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The Violent Gestures of Life

ISBN 9 781869 142780
If you lived through this period, stories of the reformatory and black juvenile delinquents hark back to the days of Alan Paton.
Tshifhiwa Given Mukwevho’s novel is set in one such stoutskool – Qalakabusha whose Nguni name meaning ‘start afresh’ is a misnomer, so says the protagonist, Gift.
The principal at this centre of correction – Mr Robertson, is not as hands-on as the real life Paton, who became better known as a novelist. The seminal Cry the Beloved Country is his best known work.
The young Mukwevho writes in easy flowing language that could have found a place among the cannon of writing in Paton’s era. In Mukwhevho-speak, a rumour is ‘word of the street’ and siblings endearingly refer to each other as ‘child of my mother’, a direct translation from the vernacular that enriches the English language.
Gift is doing time – a total nine months – for rape and finds himself in the company of other boys at conflict with the law.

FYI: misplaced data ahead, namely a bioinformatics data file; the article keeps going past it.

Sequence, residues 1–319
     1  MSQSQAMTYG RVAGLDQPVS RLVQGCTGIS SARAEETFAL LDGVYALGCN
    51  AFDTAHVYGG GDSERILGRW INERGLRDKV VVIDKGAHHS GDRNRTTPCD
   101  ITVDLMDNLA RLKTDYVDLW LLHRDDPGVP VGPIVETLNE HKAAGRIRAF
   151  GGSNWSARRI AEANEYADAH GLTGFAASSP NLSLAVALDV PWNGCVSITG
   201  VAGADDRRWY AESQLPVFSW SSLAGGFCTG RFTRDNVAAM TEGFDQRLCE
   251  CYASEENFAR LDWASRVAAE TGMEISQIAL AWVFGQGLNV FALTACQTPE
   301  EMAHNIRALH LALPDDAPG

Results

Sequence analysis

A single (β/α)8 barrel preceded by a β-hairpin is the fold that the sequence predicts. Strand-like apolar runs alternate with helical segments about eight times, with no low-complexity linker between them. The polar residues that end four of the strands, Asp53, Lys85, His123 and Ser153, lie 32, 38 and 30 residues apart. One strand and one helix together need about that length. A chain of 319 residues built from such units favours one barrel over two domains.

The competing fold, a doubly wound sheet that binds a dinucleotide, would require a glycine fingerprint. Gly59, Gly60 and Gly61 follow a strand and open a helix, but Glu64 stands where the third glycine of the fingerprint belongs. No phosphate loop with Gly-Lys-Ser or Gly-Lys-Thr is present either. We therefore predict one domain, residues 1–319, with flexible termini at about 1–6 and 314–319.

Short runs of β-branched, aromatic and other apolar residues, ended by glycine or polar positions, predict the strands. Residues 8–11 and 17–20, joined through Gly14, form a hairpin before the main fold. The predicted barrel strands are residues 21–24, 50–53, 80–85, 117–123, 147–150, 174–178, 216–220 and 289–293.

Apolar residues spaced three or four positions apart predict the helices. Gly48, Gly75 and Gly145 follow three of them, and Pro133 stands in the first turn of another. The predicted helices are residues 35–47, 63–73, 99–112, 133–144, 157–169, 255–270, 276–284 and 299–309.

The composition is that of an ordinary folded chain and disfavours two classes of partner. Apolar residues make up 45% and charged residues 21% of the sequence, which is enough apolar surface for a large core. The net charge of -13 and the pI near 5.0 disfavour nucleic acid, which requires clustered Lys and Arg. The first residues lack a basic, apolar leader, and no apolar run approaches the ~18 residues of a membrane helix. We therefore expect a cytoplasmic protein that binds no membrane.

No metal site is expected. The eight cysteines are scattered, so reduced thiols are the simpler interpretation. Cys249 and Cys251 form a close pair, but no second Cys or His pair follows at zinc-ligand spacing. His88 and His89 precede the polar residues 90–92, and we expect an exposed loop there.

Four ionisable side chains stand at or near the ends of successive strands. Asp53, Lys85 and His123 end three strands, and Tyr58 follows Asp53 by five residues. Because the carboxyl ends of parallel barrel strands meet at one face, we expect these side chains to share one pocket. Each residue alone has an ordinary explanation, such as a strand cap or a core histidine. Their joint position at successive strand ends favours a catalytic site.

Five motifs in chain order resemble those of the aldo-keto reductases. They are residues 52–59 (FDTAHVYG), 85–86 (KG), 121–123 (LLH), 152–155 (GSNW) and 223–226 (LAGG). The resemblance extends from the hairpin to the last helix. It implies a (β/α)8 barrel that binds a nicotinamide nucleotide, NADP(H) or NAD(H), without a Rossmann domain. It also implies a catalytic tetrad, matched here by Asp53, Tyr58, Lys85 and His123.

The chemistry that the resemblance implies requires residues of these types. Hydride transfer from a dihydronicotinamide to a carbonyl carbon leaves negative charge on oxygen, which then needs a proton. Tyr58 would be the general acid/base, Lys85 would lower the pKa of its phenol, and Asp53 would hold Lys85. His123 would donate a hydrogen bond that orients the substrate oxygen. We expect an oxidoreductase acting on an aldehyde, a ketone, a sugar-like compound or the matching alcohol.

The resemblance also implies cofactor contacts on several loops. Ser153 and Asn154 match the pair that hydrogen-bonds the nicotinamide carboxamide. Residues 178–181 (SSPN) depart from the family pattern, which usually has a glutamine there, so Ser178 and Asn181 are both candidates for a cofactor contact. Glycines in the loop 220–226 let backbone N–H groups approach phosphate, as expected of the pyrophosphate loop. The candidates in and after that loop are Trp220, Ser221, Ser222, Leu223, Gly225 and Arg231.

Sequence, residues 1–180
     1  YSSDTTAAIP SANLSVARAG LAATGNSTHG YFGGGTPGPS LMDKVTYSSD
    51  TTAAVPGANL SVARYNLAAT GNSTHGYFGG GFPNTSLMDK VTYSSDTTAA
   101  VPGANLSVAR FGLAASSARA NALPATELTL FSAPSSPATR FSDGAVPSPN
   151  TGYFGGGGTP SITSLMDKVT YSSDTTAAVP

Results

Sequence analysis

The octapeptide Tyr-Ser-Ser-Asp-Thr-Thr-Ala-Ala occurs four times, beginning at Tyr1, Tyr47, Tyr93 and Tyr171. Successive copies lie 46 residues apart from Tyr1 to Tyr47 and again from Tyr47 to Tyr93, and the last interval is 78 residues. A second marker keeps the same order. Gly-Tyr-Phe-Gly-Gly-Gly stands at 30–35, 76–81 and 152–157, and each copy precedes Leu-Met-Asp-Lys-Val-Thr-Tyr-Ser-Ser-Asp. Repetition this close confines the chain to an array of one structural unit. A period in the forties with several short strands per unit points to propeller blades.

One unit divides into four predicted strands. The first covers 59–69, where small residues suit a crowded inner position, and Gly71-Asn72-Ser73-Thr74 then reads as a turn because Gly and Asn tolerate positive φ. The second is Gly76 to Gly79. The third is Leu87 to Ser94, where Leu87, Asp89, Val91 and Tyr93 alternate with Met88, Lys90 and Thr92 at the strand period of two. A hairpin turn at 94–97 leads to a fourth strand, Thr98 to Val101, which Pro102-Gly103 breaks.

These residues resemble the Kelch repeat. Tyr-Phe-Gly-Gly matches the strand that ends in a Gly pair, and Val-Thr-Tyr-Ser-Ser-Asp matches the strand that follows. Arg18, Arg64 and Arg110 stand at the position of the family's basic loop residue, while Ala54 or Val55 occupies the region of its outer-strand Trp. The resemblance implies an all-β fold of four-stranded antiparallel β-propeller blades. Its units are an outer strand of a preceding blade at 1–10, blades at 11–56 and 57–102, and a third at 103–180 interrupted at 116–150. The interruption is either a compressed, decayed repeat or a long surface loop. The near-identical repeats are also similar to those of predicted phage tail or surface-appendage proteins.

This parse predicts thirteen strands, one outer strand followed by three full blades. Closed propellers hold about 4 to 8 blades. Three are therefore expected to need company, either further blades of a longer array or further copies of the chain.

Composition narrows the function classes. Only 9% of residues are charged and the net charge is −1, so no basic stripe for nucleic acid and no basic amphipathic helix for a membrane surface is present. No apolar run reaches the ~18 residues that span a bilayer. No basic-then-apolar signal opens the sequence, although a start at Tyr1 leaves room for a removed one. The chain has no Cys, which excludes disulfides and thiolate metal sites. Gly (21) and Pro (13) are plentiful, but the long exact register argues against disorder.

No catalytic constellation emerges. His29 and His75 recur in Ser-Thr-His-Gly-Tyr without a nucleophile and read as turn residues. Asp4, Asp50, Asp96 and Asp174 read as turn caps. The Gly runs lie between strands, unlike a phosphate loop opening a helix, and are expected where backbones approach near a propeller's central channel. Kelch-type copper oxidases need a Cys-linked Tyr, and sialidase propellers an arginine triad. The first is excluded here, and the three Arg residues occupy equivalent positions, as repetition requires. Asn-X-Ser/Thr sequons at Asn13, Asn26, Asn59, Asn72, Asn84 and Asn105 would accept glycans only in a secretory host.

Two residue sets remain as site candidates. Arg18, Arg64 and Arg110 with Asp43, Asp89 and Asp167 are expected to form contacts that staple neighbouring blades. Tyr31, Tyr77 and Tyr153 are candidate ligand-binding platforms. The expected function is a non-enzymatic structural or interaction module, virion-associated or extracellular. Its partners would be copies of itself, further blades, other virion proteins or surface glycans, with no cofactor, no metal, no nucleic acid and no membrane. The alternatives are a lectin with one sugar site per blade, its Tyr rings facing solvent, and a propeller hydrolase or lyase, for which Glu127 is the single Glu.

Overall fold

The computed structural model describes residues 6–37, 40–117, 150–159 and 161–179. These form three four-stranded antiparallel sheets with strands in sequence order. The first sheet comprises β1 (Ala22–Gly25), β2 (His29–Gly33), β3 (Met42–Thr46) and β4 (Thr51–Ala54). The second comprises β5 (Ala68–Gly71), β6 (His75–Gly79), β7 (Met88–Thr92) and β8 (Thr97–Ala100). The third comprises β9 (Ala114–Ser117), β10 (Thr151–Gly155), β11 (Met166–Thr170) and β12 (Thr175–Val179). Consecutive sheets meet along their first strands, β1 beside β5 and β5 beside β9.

Their jailers are retributive and merely pay lip service to the concept of rehabilitation. One of the boys, Sipho, ultimately dies after an assault by Mr Ndulapo in the showers
The incident fuels up Gift’s rage and determination to expose the rot in the system when he leaves Qalakabusha and realises his dream of becoming a journalist.
The body of the work revolves around the boys being boys – behind bars. They live to eat the modest fare on offer and engage in petty acts of delinquency, like smoking contraband marijuana and fashioning knives out of welding material when they should be learning the trade instead.
But this is a story of dreaming big about the future and focusing on the ultimate goal.  
While there are those like Bheki who are destined for a life of crime – this evinced by his being transferred to a real prison after a stabbing, there are those like Gift and Kaelo who see their situation as a test to overcome and make something of their lives.
It is a story exploring the dynamics of the relationship between boys from across the tracks and their parents in particular and society in general.
It is a story with the proverbial happy ending. Gift goes home to make amends with his family – stepfather, mother and sister.
This book is another voice added to the chorus that you do not stay down when you fall.
Mukwevho has just found a way to make this voice heard above the din of those that came before it.
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